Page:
the associated contents. The woodworker would fixate the label directly
onto their material.
Projection — visualize the parts
One of the most difficult things to grasp as a novice woodworker is the amount of material to purchase in relation to the parts needed. When I was making the wine cabinet, I over purchased my plywood by one and a half sheets. AR can solve this error by allowing the woodworker to visualize the various pieces directly on the material. The AR device would display the parts directly on the material to maximize the yield of the board. This reduces the amount of waste by creating larger scrap pieces for future use.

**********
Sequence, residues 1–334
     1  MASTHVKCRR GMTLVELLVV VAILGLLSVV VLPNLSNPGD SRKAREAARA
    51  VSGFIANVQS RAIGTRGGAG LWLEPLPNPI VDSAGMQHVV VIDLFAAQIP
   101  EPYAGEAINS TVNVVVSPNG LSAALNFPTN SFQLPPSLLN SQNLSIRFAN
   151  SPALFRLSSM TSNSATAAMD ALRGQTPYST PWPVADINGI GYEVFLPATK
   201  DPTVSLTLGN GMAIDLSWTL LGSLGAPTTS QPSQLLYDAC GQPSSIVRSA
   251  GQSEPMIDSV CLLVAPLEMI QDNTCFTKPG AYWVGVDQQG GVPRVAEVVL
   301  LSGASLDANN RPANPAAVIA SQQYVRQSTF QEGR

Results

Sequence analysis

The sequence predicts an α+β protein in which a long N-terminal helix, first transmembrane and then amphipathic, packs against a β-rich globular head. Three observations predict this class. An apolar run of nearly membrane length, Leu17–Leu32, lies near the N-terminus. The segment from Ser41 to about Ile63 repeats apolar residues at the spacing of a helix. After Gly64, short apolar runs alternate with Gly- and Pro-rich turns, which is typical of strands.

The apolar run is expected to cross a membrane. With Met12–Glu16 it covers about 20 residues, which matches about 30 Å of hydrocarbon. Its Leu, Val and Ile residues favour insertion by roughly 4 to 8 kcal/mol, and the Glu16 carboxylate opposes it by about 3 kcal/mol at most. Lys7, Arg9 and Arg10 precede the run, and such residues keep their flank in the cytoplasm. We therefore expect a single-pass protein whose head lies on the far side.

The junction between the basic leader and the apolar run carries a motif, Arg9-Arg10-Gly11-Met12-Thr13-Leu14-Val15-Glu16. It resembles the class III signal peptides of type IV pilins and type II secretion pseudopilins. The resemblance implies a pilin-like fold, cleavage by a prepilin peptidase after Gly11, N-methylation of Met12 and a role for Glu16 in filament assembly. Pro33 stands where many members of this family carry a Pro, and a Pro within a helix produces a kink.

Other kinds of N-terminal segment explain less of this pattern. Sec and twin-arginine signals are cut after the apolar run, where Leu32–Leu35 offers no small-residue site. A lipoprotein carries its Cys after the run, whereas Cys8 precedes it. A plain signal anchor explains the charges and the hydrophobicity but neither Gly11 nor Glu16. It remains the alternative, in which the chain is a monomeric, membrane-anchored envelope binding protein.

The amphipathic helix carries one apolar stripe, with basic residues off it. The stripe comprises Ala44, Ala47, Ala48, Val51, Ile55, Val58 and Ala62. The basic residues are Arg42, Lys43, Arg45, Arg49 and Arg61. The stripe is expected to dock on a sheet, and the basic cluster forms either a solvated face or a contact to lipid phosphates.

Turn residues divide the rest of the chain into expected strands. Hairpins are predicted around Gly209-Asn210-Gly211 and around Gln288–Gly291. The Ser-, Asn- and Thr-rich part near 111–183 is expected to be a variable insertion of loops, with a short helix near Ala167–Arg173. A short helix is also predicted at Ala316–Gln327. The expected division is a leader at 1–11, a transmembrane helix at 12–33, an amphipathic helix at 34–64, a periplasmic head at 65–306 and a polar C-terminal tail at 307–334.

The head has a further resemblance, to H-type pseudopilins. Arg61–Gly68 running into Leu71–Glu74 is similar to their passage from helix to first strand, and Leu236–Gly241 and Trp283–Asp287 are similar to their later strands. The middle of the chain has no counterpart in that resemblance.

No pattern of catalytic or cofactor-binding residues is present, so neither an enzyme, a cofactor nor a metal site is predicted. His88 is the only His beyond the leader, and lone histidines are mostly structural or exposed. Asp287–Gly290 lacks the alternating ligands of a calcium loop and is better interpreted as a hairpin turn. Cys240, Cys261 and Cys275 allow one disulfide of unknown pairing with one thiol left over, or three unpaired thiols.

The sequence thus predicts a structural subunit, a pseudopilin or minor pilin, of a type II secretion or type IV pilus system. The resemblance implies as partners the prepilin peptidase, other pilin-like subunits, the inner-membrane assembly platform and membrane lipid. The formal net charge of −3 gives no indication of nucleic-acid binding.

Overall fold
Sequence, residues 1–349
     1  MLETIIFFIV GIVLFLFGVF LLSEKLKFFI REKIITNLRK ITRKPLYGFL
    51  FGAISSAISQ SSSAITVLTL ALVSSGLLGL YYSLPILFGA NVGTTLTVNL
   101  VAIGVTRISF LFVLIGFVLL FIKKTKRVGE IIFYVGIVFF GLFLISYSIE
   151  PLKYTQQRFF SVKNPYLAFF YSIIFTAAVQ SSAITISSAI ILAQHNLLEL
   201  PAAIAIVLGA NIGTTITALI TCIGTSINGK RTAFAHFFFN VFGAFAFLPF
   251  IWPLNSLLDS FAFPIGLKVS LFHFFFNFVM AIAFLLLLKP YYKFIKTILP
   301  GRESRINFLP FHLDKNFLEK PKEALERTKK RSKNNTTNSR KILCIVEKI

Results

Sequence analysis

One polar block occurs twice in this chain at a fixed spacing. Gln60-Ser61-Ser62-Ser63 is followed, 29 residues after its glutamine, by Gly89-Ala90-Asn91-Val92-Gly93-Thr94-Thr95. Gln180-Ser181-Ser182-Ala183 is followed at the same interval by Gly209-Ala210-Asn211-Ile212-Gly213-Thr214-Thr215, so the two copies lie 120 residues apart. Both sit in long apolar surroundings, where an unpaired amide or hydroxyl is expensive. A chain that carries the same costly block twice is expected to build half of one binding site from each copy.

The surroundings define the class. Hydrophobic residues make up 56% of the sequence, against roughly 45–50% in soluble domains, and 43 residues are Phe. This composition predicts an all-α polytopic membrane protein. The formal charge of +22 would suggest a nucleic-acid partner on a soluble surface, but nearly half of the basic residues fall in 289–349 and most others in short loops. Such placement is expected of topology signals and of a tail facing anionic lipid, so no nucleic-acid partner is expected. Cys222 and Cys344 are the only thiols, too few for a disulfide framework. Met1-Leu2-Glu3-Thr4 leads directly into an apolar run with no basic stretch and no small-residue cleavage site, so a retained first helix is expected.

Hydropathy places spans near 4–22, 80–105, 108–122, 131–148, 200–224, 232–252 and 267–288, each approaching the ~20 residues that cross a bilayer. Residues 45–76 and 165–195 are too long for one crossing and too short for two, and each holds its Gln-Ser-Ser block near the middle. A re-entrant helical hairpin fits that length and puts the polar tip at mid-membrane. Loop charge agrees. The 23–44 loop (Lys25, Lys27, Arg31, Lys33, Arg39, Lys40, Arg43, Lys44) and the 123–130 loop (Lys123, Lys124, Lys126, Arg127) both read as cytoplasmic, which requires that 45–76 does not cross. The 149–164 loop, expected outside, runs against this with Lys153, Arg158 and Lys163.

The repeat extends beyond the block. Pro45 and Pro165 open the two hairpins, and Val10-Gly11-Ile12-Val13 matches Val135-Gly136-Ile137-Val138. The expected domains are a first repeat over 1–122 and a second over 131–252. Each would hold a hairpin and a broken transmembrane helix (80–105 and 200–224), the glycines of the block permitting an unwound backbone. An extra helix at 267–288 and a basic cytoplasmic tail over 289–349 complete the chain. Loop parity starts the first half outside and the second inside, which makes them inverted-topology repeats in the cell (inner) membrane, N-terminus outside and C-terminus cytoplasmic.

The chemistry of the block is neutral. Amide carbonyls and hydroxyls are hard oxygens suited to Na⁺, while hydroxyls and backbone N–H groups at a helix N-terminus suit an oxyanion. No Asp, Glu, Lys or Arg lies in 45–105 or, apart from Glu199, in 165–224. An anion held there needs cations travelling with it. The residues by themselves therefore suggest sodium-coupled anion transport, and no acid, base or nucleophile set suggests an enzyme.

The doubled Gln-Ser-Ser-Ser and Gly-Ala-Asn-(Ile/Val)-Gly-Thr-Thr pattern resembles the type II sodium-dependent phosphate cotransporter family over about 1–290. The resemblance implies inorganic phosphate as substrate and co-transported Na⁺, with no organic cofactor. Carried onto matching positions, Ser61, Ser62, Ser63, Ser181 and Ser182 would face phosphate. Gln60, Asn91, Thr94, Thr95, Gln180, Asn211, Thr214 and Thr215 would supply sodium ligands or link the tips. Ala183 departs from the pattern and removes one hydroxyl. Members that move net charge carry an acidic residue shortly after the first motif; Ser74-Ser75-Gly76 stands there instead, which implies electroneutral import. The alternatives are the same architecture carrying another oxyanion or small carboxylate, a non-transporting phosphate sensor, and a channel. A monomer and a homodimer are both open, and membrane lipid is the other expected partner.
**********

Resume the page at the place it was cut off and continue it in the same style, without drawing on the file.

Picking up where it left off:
Tutorial — preview the cuts
To maximize efficiency at the table saw, it is important to know the order
in which the parts will be cut. If I have a list of six parts all with the same dimension, it would be unwise of me to set the fence to that first dimension, move it to another dimension, and back.
Currently, a woodworker must make this mental leap on their own and keep track of the various parts and what parts are completed or not. AR has the ability give the woodworker a visual representation directly on their material prior to approaching the table saw. It allows them to step through the order of operations to understand the various movements. This will remove any guess work while at the table saw, allowing them to focus on the cut.
By focusing more attention on the planning phase and removing the guesswork, woodworkers can now become more efficient and focus their attention on the problem solving rather than the basic measurements.
Virtual Model — understand the context